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Friday, 31 October 2014

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Driver given final chance to stay out of trouble

A young man who drove dangerously along two streets, pursued by police, has been given one last chance to show he can stay out of trouble.

At Carlisle Crown Court, Curtis Kirkbride, 23, pleaded guilty to an offence of dangerous driving in Whitehaven, as well as driving without insurance, and failing to stop when ordered to do so by a serving police officer.

Prosecutor Gerard Rogerson described how the defendant, of Kinniside Avenue, Whitehaven, was spotted behind the wheel of a Honda Civic by police officers in a patrol car shortly before mid day on October 12 last year.

As the officers illuminated their car’s blue lights and began to follow, Kirkbride accelerated away, driving at about 40mph in Meadow Road, which has a speed limit of just 30mph.

As his car reached the brow of a hill on Whinlatter Road, he again accelerated harshly and overtook another car on the wrong side of the road.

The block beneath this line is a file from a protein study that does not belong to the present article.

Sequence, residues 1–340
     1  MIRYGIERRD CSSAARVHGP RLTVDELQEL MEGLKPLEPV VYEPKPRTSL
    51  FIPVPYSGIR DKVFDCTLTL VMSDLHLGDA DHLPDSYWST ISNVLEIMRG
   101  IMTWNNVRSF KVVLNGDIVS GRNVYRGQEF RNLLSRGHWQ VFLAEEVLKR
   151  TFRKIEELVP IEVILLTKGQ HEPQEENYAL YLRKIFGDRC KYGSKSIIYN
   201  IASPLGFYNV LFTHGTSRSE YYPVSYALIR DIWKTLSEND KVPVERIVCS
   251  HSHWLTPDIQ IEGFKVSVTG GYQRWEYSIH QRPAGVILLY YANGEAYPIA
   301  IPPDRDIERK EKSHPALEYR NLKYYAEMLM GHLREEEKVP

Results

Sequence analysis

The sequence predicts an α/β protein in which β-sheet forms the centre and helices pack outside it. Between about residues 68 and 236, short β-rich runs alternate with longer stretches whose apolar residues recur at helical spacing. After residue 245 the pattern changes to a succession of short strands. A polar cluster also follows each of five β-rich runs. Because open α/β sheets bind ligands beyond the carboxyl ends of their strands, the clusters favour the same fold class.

“The officers then decided to stop pursuing him in the interests of public safety,” said Mr Rogerson.

He pointed out that the area is residential with a primary school nearby. Within a few hundred yards, Kirkbride’s car mounted a grassy verge, and he lost control as his car slewed sideways.

Still driving too fast, he managed to regain control before driving off, turning right across a blind junction.

Marian Weir, for Kirkbride, said he realised he had let himself and his family down but she said he faced a cycle of going into and out of custody which had made it hard for him to get proper treatment for the condition known as ADHD – attention deficit hyperactivity disorder.

At the time of the offence, his lifestyle had been chaotic, and last year there had been two arson attacks on his property in Whitehaven.

“He is adamant he wants to lead an offence-free lifestyle,” she said, pointing out that Kirkbride now has a partner, who has a one-year-old son.

She added that he had been drug-free for the last two and a half months and was motivated to change his life.

Judge Peter Davies said he would defer passing sentence until July 5 to give the defendant a chance to change his ways. He told Kirkbride: “It’s time you grew up, and time that you started behaving properly.”

He said that Kirkbride must take monthly tests to show that he could remain drug free, and must refrain from committing any further offences. The judge also imposed an interim driving disqualification.

Kirkbride also admitted driving otherwise than in accordance with his licence.

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